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New Year, New Estate Laws Are Here

OThere have been a lot of great songs written about change. Like a broken heart, it’s a universal theme, and an essential part of our human experience. One of my favourites is “Video Killed the Radio Star” by The Buggles. (Fun fact – this was the first music video to be played on MTV in 1981.)

Changes to Ontario estate law  

On April 19, 2021, the Accelerating Access to Justice Act, 2021 came into law in Ontario. Effective January 1st, 2022, this legislation makes the following changes to Ontario estate law:

Continued validity of a Will after marriage and invalidity of gifts, appointments in a Will and inheritance on an intestacy after separation

  • Marriage no longer revokes a Will.
  • Gifts to a married separated spouse in a Will, any appointment of a married separated spouse as an executor under a Will, and the right of a separated spouse to inherit on an intestacy (dying without a Will) are all revoked. These rules already applied to divorced spouses but not to married separated spouses. The new rules provide a definition for separated spouses, which includes:
    • spouses who, before the death of one of the spouses, have been living separate and apart for three years as a result of the breakdown of their marriage;
    • spouses who have been living separate and apart and who enter into a valid separation agreement;
    • spouses who have been living separate and apart and regarding whom a court made an order with respect to their rights and obligations in the settlement of their affairs arising from the breakdown of their marriage.

No equalization of net family property rights on death if separated

  • Married separated spouses (with the same definition of separation) are precluded from making a claim under the Family Law Act (Ontario) for equalization of net family property against their deceased spouse’s estate. Up to now, married spouses could do so even if separated prior to death.

New substantial compliance rule 

  • A Will can be found to be valid by a Judge if it substantially complies with the execution requirements of Ontario law, rather than needing to be in strict compliance with the rules, if the Judge is satisfied the document meets certain criteria. The new rule specifically excludes the possibility of recognizing an “electronic will” in Ontario, however.

What about common law spouses?

The law regarding how common law spouses’ estates are dealt with has not changed. All of the rules discussed above regarding spouses apply to married spouses only.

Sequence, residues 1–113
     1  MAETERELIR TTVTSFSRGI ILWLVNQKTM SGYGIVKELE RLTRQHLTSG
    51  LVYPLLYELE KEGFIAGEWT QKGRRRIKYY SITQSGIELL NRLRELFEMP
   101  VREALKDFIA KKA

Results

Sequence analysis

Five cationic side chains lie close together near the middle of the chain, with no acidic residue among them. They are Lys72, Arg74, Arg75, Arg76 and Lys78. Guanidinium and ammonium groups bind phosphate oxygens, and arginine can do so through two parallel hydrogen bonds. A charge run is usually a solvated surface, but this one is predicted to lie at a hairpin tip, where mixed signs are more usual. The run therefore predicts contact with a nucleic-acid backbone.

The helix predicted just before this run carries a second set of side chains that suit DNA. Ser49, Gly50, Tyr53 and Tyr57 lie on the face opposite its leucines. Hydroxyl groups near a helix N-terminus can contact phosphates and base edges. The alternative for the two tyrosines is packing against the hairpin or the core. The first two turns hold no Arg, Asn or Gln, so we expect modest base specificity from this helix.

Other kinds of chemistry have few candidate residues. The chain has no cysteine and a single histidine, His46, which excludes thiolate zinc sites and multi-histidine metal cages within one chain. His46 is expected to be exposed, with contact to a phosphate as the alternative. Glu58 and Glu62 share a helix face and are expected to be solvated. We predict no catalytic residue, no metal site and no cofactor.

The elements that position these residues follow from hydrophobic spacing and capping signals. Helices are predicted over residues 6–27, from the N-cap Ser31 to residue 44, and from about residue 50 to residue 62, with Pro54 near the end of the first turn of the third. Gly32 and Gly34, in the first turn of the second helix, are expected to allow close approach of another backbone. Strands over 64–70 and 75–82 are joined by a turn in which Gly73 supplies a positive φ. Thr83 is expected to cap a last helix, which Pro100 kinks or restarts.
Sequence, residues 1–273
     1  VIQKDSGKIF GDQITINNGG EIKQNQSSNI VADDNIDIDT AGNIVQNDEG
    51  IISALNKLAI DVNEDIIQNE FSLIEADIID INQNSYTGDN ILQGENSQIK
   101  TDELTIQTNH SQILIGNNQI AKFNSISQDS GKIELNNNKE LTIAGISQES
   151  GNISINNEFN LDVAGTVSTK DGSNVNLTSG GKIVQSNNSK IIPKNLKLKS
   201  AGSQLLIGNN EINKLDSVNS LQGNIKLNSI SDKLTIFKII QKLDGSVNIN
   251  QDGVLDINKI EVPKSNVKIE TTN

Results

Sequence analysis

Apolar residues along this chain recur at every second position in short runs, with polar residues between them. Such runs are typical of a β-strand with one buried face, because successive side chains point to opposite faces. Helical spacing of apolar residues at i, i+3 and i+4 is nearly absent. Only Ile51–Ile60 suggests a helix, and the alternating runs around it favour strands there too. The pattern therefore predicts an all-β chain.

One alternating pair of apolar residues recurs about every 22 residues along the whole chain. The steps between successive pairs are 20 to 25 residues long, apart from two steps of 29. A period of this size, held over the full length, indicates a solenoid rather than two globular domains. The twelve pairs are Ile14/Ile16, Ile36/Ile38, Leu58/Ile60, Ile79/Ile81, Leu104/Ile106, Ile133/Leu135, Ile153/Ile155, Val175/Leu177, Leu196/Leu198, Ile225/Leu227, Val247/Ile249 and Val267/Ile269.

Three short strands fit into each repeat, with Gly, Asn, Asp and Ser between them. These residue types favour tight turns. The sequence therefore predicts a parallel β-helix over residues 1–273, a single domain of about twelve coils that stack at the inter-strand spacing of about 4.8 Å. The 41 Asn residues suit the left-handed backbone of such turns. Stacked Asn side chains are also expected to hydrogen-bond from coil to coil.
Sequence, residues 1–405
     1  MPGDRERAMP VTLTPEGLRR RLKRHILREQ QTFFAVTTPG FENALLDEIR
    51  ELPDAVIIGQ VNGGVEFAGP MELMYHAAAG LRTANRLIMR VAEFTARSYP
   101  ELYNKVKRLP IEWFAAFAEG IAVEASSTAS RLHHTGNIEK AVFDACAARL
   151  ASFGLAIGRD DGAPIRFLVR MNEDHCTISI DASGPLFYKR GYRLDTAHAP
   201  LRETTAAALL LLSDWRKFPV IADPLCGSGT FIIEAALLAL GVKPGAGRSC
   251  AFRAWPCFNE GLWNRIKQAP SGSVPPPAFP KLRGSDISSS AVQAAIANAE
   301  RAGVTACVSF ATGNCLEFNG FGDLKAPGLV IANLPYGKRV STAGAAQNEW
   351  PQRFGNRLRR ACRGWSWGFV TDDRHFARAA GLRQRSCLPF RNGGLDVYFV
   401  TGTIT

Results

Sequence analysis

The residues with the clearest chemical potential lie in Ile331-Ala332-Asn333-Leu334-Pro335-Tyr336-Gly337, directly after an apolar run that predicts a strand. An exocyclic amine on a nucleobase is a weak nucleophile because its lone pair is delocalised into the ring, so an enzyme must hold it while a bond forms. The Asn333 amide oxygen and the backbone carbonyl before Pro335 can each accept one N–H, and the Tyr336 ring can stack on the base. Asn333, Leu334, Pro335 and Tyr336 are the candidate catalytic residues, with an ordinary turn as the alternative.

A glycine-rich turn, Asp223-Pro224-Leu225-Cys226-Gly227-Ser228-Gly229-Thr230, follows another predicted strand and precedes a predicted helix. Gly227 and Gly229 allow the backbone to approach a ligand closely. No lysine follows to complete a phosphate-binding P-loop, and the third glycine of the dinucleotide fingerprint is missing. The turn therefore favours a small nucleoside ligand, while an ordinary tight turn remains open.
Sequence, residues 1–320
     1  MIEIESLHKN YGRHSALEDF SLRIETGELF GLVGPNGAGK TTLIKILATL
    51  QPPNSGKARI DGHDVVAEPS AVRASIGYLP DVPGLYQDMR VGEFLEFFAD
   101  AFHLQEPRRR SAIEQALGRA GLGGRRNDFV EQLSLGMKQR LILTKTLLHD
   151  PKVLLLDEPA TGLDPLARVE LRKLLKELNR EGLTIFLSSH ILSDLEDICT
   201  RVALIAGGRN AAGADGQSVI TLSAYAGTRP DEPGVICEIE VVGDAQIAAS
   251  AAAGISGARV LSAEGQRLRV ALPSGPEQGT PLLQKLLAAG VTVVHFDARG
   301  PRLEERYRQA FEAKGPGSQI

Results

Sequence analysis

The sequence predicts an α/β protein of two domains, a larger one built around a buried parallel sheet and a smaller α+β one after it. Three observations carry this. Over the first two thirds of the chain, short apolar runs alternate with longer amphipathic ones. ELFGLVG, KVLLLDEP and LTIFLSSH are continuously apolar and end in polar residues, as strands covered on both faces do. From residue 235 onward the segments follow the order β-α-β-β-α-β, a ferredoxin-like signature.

So, what can we expect with these new rules?

The law regarding how common law spouses’ estates are dealt with has not changed. All of the rules discussed above regarding spouses apply to married spouses only.

The effect of these changes is likely to be an initial increase in litigation to determine how the legislative changes will be interpreted by the Ontario Court in individual circumstances. How far the concept of “substantial compliance” can be pushed under the new legislative provisions remains uncertain.

Certainly, other provinces which have substantial compliance rules have seen litigation to determine what will be accepted by the Court. For example, in Alberta, two yellow sticky notes (Post-It™ notes) regarding changes to an existing Will were found to be a valid new Will, and in B.C. a note on a computer was found to be a valid Will.

We also anticipate seeing more claims by spouses in circumstances where a deceased spouse did not make a new Will after marriage, and claims involving the question of whether or not the spouses were separated pursuant to the new definition for the purposes of inheritances.

We may also see additional attempts to litigate the issue of beneficiary designations for life insurance or retirement plans (RRSPs, RRIFs and TFSAs, for example) which were not changed by a person after separation or divorce.

Separation and divorce also do not affect appointments under powers of attorney.

“We can’t rewind, we’ve gone too far.” Recognizing and accepting change is important moving forward in life, and is also important for our mental health. The beginning of the New Year is a good time to consider the changes in your life, what the future may hold, and goals for 2022, including finishing projects that you’ve been putting off. Reviewing and if necessary updating your Will and Powers of Attorney is one more for your list, including for some to avoid the negative effects litigation of your estate might otherwise have.

Embrace change and may it create resilience and joy for you in 2022!

— Susannah Roth

The comments offered in this article are meant to be general in nature, are limited to the law of Ontario, Canada, and are not intended to provide legal or tax advice on any individual situation. Before taking any action involving your individual situation, you should seek legal advice to ensure it is appropriate to your personal circumstances.
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